…as to the temptation of company at the public-house or the beer-shop, would it not exist in precisely the same degree if the labourer had a cask of beer in his cellar brewed by himself, as if he had a cask purchased of the public brewer? If there were a disposition to avoid that temptation, and to drink his beer at home with his wife and family, what now prevents the labourer from purchasing a cask of beer and so consuming it? Nothing that would not equally apply to his purchasing malt and brewing his own beer. And if he had a cask, what security is there that his wife or children would not consume the greater part of it while he was absent at his daily labour? And would not he himself he likely to fall into the temptation of consuming it most improvidently either alone or with his companions?
We love to see things through rose coloured glasses. When we are not looking through amber coloured beer goggles ourselves. All but the first of the quotes and links are Georgian and pre-date temperance. When alcohol was so normal it was just a personal failing to let it affect your life as it washed over and through you. I honestly do not know what to make of it all. Have we simply forgotten the grim and bought into comforting fictions about the recent past? Accepted some sort of Jacksonian romance? My first reaction to it all is to praise the campaigners, to scribble a prohibition pamphlet – but then I remember that 1832 impromptu drinking party a traveler came upon in a cellar in Albany, NY:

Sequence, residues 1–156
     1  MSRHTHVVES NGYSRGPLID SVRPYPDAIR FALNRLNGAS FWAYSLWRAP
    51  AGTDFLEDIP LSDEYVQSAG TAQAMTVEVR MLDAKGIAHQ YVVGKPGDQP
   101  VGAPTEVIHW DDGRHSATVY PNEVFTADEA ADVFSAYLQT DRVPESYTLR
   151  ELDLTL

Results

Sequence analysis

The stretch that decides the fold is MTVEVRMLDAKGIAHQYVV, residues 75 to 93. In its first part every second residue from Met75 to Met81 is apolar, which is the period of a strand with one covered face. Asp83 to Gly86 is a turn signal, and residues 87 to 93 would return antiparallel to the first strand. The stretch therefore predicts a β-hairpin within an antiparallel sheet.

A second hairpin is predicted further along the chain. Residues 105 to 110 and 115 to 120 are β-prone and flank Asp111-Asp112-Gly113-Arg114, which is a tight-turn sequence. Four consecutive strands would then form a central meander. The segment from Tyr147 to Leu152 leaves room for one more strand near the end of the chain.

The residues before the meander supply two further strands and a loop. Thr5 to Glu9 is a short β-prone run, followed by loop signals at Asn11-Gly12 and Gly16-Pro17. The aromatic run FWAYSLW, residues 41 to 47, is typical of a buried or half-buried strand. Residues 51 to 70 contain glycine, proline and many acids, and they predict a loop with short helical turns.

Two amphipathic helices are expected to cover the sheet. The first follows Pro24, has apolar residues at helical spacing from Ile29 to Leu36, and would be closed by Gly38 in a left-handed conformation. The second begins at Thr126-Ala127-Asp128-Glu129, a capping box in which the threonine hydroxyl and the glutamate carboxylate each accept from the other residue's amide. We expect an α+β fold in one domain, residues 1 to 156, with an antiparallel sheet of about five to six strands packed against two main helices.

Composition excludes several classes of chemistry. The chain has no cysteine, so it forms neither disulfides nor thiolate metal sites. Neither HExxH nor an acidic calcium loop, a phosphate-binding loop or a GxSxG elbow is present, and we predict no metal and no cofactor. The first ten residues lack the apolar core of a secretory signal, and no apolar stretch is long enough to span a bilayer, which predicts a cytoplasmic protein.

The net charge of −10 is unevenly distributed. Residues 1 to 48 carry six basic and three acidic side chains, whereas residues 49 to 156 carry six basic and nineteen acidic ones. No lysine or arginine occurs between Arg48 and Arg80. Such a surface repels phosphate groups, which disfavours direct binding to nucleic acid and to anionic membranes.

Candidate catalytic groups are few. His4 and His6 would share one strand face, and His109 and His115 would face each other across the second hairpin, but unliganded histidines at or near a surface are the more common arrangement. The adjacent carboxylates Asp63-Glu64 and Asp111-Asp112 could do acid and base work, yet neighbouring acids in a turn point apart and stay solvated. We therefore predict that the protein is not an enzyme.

…there was no brutal drunkenness nor insolence of any kind, although we were certainly accosted with sufficient freedom. After partaking of some capital strong ale and biscuits, we returned to our baggage apartment, and wrapping ourselves in greatcoats and cloaks…
The surprise of joy? Or a wallowing in the familiar? Or the land of liberty overlaid upon the event instead of the lives of those in the dark Satanic mills?
¹Yes, that one.
I’ve heard you. More tales of Cripplegate crime related to beer from the records of the Old Bailey. And why not? It’s good clean fun, in it? Let’s dissect the trial of Michael Martin and Hannah Farrington for grand larceny held on 15th October 1729. It starts out pretty clearly enough.